Don’t trust, but build trustworthy systems

Trust means that you don’t know what is going on, but you decide to ‘trust’ that what’s happening is in your best interest. For instance, I don’t know that you’ll pay me back when you say you will, but it’s ok, I trust you. https://s3.amazonaws.com/lowres.cartoonstock.com/law-order-court-law-lawyers-swindled-trust-ear0934_low.jpg If we take that and apply it to working with data, it becomes problematic, because there are fewer safeguards. You trust that the heart surgeon knows what they are doing because they’ve been to years of medical school, etc. etc. Relying on trust is not adequate – not only ethically, but also in practice; several research projects are failing because of the lack of trust and resulting inability to access data. Rather than expecting trust, we need to build systems that safeguard trust within the infrastructure of the data system and how they’re used. Two specific ways were discussed, which I’ll address in turn below. Blockchain as the current fad of trust-less systems was mentioned in passing, but not given substantial attention.

Dynamic consent is the new favourite

Moving on to questions of how, several of the technical or technological solutions presented at the workshop were precisely about how to create a technical infrastructure to shift the locus of control firmly to the individual. While the GDPR places a lot of emphasis on consent and consent needs to be given for each topic, how to implement this in practice becomes tricky.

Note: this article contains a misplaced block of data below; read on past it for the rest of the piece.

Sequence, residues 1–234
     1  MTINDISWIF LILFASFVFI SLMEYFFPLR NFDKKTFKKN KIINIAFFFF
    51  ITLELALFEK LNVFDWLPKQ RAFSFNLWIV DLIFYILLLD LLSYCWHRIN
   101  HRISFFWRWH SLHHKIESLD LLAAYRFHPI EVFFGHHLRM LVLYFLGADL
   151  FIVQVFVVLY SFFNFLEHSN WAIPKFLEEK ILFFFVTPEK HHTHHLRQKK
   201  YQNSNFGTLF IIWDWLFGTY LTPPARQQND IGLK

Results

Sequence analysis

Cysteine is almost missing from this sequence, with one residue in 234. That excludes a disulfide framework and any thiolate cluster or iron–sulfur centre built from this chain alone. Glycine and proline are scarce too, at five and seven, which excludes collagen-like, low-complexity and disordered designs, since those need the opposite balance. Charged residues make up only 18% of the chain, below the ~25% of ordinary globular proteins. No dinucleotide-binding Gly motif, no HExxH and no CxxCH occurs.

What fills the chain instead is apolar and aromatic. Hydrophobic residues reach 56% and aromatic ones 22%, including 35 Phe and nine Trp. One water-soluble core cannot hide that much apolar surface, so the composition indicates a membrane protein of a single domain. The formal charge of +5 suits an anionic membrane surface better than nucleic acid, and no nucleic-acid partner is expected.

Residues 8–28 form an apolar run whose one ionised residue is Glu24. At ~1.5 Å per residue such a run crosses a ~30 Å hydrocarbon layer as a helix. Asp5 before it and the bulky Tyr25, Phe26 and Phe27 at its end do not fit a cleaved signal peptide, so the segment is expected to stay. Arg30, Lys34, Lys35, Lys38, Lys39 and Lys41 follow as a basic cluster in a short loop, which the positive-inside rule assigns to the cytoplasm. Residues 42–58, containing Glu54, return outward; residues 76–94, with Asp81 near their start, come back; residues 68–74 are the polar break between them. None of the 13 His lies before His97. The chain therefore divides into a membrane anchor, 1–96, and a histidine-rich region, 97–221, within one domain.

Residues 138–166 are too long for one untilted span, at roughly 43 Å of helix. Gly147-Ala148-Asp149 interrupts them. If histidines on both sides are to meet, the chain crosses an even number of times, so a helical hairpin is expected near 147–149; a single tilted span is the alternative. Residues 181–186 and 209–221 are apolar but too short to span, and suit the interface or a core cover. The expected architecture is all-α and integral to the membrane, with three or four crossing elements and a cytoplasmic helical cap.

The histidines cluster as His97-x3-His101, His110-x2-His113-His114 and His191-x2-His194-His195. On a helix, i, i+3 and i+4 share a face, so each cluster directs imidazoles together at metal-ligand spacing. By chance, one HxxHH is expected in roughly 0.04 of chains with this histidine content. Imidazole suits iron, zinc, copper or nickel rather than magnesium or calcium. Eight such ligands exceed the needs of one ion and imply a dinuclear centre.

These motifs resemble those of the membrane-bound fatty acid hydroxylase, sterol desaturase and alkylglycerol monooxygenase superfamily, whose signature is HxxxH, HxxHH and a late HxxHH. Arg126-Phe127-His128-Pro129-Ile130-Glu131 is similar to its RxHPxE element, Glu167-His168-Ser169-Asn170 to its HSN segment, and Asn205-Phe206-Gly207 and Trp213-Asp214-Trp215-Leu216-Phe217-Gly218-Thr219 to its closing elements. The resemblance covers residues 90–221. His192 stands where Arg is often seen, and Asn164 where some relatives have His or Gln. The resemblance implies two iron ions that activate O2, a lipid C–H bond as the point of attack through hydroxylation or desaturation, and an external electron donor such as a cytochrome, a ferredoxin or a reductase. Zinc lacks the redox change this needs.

‘Even though GDPR emphasises informed consent, most patients have no idea what that means or does.’ Bian Young, NTNU
Dynamic consent came up several times in the workshop as a possible solution (rather than, say, questioning if consent is the right model, it’s in the regulation so now let’s move forward from there.) For example, there was a presentation on piloting verifiable credentials – basically have a personal key which you then set your security details for each website that you can change for each website. Say, only allow the hospital to access a and b, but the shopping centre only to access a and c, or something like that. There was also discussion of homomorphic encryption. Which, while I’m not a technical person and so have a wee bit of trouble relating it back now, at the time made sense, and I encourage you to look at the presentations if you want further follow up.

Data cooperatives as democratic data infrastructures